Some historians have explored animal–human relationships through ethnographic research with southern African KhoeSan peoples, including a study on snake motifs in rock art, revealing a number of links between snakes and water, fertility, dance, and medicine. Snakes’ “sinewy flexibility and muscular slithery movements, mysteriously enables them to propel themselves rapidly forward, despite the absence of limbs. . . . perhaps snakes are good to think because they act fractal-like as a ‘portal’ through which something is conveyed of the quality of life’s mysterious and unpredictably generative and destructive potency.”27 Yusufu Qwaray Lawi and Tamara Giles-Vernick looked at animals in colonial and post-colonial history, investigating ways of incorporating local or vernacular knowledge in some tentative long-term pre-colonial studies.28 After all, in some ways Africa (and African history) has resisted many empires—long before the 19th century’s “scramble.” Africa was pigeonholed, as it were, as the “natural” domicile of animals, an animal-rich but history-scarce “placeless space” upon which to screen the metropole’s fancies and fantasies.29 This notion then won fresh stimulus from the 17th century to the mid-20th century wrapped up in the colonialism’s rhetoric of a “civilizing mission,” which analogized African wildlife to the state of African societies, and animals to Africans themselves. There is no room here to analyze complicated and changing colonial policy, but crudely put, the colonial project was to both control (or, more accurately) kill Africa’s animals and civilize (or, more accurately) subdue Africa’s people. Then from the early to mid-20th century, Africa was recast as a wilderness to be protected and conserved (often from its indigenous peoples) and hunted only by an elite or conquered by camera rather than gun, policed by game wardens rather than colonial troops.30 Thus, conservation adopted a crusading model akin to the previous era’s colonial Christian conquest, with the “identity myth of a colonizing society returning to or discovering an earthly Eden [being] deeply implicated in the establishment of national parks in Africa.”31 Several historians of Africa have dissected these myths about pristine pre-settler Africa and exposed the legends of the frontier “lone rangers”: white masculine conservation heroes who single-handedly saved Africa’s animals from the depredations of either rapacious modernity or indigenous Africans.32 The histories of settler fantasies of Africa’s animals continue to influence conservationist practice.33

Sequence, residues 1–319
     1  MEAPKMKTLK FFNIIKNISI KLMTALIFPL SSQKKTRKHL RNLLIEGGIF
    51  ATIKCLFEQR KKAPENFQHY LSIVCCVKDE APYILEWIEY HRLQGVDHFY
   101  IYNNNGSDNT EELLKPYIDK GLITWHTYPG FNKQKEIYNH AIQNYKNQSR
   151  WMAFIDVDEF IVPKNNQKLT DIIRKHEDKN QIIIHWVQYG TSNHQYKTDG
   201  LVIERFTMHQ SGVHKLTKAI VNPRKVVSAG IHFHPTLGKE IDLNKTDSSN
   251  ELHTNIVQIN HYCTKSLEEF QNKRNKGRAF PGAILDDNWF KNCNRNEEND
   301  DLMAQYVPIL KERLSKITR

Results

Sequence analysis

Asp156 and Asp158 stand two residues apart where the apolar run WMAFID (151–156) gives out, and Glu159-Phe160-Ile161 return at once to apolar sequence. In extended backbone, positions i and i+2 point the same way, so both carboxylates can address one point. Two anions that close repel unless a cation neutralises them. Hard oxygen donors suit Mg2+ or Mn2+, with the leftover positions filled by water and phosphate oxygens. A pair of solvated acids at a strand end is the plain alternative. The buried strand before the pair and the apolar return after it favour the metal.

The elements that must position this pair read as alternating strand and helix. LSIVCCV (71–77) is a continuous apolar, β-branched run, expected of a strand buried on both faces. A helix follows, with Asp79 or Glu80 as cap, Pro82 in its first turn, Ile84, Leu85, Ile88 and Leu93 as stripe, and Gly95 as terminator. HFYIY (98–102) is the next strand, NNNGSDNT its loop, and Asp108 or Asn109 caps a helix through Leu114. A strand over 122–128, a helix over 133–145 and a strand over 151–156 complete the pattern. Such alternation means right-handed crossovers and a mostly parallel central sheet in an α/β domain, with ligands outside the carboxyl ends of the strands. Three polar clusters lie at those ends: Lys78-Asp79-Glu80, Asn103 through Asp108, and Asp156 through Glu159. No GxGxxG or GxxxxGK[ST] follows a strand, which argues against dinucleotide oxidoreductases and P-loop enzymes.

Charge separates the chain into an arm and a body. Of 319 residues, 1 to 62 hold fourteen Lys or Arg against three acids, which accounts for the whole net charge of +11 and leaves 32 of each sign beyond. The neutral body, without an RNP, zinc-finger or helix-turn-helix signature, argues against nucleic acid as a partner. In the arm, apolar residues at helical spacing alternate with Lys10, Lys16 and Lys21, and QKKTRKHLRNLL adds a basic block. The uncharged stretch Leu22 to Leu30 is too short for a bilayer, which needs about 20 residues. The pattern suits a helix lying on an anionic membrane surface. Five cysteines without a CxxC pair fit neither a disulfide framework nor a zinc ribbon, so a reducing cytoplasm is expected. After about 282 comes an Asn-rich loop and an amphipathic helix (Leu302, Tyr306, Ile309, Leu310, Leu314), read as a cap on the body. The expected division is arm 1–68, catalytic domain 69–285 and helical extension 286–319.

But there was no linear triumphalist story to tell about Africa’s conservation success. While there has been substantial research into big game hunting and policing African access to animals by white officials, some recent books have explored a different kind of imperial exploitation of Africa’s animals, looking at the network of plundering (rhino horn, lion bones, ivory, and donkey skins) from local poachers to the Asian markets.34